Brian, thanks for your concern but did you really think that I took Steven's parrot thing seriously?
No, I was just going down a rabbit hole that was already there.
Kiss? I don't think we're one another's type but "moving on" is a done deal as far as I'm concerned.
See you around.
Well, Horton released his auction results/prices last night. The "good" news is that, so far, not one of the folk-art cigar clocks has sold.
A Moderator or Admin should quarantine post #273 since these clocks are still being offered to the public at post-action pricing. They will probably be available until sold or until they are re-listed in their next auction.
I'm relatively new to antique clock collecting but I don't harbor any ill-will towards Mr. Horton. As a collector I like to see successful clock auctions because they indicate a healthy (or improving) market for antique clocks. Horton seems to be having some trouble moving this inventory. Perhaps there will be less motive for other Clock Auctioneers to run with them. I found it kind of amusing that each of the clocks was given a model name by someone. "King Carlos", for example. Why not? Artists give names their art if that's what has happened here. Perhaps it was more of a "theme" of each individual clock. "This Thing" probably wouldn't sell.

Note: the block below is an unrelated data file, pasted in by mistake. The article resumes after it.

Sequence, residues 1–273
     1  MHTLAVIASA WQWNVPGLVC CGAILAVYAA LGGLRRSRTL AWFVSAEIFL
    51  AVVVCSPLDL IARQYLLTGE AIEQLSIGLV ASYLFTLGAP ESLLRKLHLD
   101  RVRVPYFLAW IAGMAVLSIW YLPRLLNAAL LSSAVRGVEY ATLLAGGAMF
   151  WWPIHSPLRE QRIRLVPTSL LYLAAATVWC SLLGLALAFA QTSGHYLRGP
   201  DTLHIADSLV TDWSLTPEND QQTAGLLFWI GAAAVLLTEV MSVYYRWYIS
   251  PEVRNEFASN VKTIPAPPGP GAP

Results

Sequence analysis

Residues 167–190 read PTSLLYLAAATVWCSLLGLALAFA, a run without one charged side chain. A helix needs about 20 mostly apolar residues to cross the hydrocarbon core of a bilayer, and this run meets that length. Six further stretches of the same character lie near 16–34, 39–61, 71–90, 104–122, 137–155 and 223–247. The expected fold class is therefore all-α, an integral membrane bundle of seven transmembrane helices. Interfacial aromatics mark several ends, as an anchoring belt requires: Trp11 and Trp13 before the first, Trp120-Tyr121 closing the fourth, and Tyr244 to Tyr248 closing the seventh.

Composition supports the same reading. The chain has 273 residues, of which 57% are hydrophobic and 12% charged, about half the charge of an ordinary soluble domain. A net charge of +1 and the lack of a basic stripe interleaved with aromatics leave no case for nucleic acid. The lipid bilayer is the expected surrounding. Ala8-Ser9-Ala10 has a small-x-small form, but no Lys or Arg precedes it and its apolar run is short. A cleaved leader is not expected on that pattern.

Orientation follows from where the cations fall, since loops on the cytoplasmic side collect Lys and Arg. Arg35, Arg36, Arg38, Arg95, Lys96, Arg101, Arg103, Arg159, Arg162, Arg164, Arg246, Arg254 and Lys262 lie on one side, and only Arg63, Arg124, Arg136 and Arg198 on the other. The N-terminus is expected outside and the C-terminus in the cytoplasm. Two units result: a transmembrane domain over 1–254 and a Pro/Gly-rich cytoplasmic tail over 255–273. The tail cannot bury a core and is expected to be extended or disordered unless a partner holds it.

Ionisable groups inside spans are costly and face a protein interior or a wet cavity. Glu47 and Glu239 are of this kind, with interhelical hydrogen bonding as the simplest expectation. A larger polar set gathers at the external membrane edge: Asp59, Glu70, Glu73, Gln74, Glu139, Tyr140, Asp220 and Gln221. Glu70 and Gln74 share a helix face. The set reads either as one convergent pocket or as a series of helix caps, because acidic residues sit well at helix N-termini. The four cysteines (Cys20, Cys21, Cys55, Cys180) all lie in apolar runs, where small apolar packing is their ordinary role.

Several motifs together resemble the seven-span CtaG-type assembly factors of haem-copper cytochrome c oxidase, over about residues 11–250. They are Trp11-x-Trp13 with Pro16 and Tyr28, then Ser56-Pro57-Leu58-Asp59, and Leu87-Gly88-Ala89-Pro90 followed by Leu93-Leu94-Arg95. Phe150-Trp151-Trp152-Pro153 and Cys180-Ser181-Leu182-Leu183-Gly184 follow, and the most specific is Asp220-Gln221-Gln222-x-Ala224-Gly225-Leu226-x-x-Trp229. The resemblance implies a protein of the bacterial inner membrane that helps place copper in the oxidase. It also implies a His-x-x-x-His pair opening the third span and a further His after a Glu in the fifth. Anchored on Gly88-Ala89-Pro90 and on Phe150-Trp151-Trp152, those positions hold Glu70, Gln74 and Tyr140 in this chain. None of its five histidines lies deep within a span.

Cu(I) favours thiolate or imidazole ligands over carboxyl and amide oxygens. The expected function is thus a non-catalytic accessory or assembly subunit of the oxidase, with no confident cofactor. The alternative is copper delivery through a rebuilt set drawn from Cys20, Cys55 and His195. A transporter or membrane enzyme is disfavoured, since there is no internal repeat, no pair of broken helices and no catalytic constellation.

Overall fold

Abbottstown, PA is only about eight miles up the road from where I live so I've been mildly interested in the controversy. I recently contacted the Adams County Historical Society regarding this business. According to them, Wilber Emory Haines (1870-1951) did indeed operate a Cigar factory in Abbottstown for many years so he was evidently more than just a cigar merchant/distributor. The Pennsylvania Dutch were/are a "Crafty" People. Arts and Crafts or Folk-Art is part of their heritage. I don't know if Mr. Haines was Pennsylvania Dutch in heritage, but craftsmanship comes with the territory.
These clocks are what they are. Just so long as they are not misrepresented, and I personally don't think that Horton has done so, who really cares? The Historical Society have "Cigar Files" so, just out of my own curiosity, I may look further to see what I can find out but I'm personally not interested in these clocks at any price.
Whether you like dealing with Horton or avoid him like the plague, I'm not so sure that he deserves a "red flag" here unless you want to flag him for questionable judgement. It looks like the Market may have already done so.
On this basis, I have removed several posts on the Horton auction from this thread to Q. I intend that they stay there. This shows one of the pitfalls of referring to active auctions.